Saturday, February 13, 2010

Progress is a new horse.

I'm a teacher. Teachers are supposed to be change agents, that is, we try to get students to change. That's what education is: positive change, improvement. Call it, progress.

But most of us are what I call resistant learners, especially when it comes to trying new ways of doing things, new ways of learning, new processes for progress.

We may be dissatisfied with our rate of improvement, but we like our methods. Our old ways are comfortable, broken in, safe.

So a big part of my job is to entice students to try new ways of doing things: ways that work better than their old ways. It doesn't matter if we're talking about ways to read a book, do long division, or sit at a desk. There are better ways of doing things. Ways that lead to academic progress.

Slow and sure may win the race, but I often work with students who are behind and need to catch up. They need to accelerate their progress. They need help, and often want help. They just don't always want to change.

That's why they need a change agent: a catalyst for improvement.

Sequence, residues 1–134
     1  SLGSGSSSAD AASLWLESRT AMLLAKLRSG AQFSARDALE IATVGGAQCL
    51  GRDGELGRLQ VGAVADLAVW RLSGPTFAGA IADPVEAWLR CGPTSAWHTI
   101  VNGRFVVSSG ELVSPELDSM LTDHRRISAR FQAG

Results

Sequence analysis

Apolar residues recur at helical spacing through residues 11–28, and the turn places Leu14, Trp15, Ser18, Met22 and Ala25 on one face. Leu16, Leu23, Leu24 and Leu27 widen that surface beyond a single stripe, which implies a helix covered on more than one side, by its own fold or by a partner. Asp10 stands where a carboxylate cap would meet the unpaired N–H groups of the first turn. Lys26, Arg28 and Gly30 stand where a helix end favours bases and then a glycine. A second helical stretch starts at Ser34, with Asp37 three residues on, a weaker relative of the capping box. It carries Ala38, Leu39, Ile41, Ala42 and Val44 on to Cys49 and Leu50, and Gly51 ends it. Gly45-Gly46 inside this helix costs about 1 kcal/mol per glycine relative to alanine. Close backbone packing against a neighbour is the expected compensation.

Recently one of my daily reading groups read a poem by Emily Dickinson. Here it is:

Fame is a bee

Fame is a bee.
It has a song—
It has a sting—
Ah, too, it has a wing.

After several minutes of discussion, I was able to help my students reach personal epiphanies: this poem is not mainly about bees. What?!

They made connections: Britney Spears, for example. It was fun to watch.

Several days later I composed a poem in the general style of "Fame is a bee" that captures a lesson I've taught many times this year. My poem is called, "Progress is a new horse." The kids loved it. They applauded. Ah shucks. Here it is:

Progress is a new horse.

On the road of progress,
I find my old horse is dead.
It doesn’t carry me where I want to go.

But I love my old horse.
It’s the way I’ve always done things.
I hate to admit I’m riding a dead horse.

On the road to progress,
New horses are waiting to be ridden,
Horses recommended by previous owners.

Progress is a choice of horses.

* * * *

(Last weekend my wife and I took a weekend trip to a timeshare called San Clemente Inn. We drove down on a Friday and returned on a Monday. I took pictures.)